The classic definition of murder is that of Sir Edward Coke (Institutes of the Laws of England, 1797): “Murder is when a man of sound memory, and of the age of discretion, unlawfully killeth within any country of the realm any reasonable creature in rerum natura under the King’s peace, with malice aforethought, either expressed by the party or implied by law, so as the party wounded, or hurt, etc. die of the wound or hurt, etc. within a year and a day after the same. ” For the purposes of convenience, we can say that murder is the unlawful killing of a human being under the Queen’s peace with malice aforethought ACTUS REUS.
1. UNLAWFUL KILLING The killing must be unlawful. Certain defences, eg self-defence, will make a killing lawful. The act (or omission) of the defendant must have been the legal cause of the death of the victim. Causation must be established. 2. HUMAN BEING The killing must be of a living human being. 3. QUEEN’S PEACE Under the Queen’s peace means that the killing of an enemy in the course of war will not be murder. MENS REA 1. MALICE AFORETHOUGHT ( now simply called intention) : Firstly it is important to consider the meaning of intention , where there is no evidence present it will be considered direct intention.
Indirect intention is when the person knows that a particular outcome is possible , how ever he did not aim at that out come. (a) Intention to kill ( express malice) : A killing done intentionally in the heat of the moment is just as much murder as one which has been planned and premeditated. An intentional killing is murder if prompted by compassion as much as if it is prompted by greed. So, in Inglis  the Court of Appeal upheld the conviction for murder of a mother whose son was suffering persistent vegetative state following a car accident and whom she had deliberately injected with heroin as an act of compassion.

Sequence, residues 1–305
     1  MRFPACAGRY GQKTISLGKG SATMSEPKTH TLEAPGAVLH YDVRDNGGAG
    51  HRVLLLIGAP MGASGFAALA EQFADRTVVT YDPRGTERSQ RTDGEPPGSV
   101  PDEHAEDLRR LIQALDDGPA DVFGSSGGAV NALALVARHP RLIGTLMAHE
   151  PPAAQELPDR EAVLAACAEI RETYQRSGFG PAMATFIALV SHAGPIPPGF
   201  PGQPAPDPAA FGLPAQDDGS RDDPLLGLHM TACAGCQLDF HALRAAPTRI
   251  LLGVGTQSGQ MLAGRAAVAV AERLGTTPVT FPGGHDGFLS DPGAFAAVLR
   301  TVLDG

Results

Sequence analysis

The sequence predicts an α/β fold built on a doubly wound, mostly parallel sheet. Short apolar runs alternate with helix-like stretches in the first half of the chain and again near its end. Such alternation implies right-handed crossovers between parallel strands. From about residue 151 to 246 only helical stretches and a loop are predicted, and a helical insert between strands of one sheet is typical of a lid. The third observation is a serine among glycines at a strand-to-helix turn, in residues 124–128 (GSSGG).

The judge mus dirct the jury with a standard direction which will be something like this : Members of the jury, to find the defendant guilty of murder the question you must ask yourself is: ‘Did D stab V with the intention of killing V? ’ If you are not sure of the answer to this question then ask yourselves: ‘Did D stab V with the intention of causing V serious injury? ’ If your answer to either of these questions is yes then you must find the accused guilty of murder. If you are not sure that he had either of these intentions then you may find him guilty of manslaughter.
R v Woollin  AC 82 House of Lords The appellant threw his 3 month old baby son on to a hard surface. The baby suffered a fractured skull and died. The trial judge directed the jury that if they were satisfied the defendant “must have realised and appreciated when he threw that child that there was a substantial risk that he would cause serious injury to it, then it would be open to you to find that he intended to cause injury to the child and you should convict him of murder. ” The jury convicted of murder and also rejected the defence of provocation.
The defendant appealed on the grounds that in referring to ‘substantial risk’ the judge had widen the definition of murder and should have referred to virtual certainty in accordance with Nedrick guidance. The Court of Appeal rejected the appeal holding that there was no absolute obligation to refer to virtual certainty. House of Lords held: Murder conviction was substituted with manslaughter conviction. (b) Intention to cause G. B. H. (implied malice) In R v Vickers  2 QB 664, the Court of Appeal held that a defendant could be convicted of murder if it was established that he had intended to kill, or had intended grievous bodily harm.
The latter was accepted as sufficient mens rea for murder because if a defendant was willing to inflict g. b. h. , how was he to know that the victim might not die? An intention to cause g. b. h. at least evidenced a willingness to accept a substantial risk that the victim might die . This principle was confirmed in Cunning ham 1981, in which the defendant repeatedly hit the victim over the head with a chair which caused his death.
The defendant appealed against his conviction for murder, arguing that R v Vickers was wrongly decided and an intention to kill was necessary. This was rejected and Vickers affirmed. THE SENTENCE FOR MURDER The punishment for murder, a mandatory sentence of life imprisonment, is fixed by the Murder (Abolition of Death Penalty) Act 1965. On sentencing a murderer the judge may recommend to the Home Secretary the minimum period which should elapse before the prisoner is released on licence.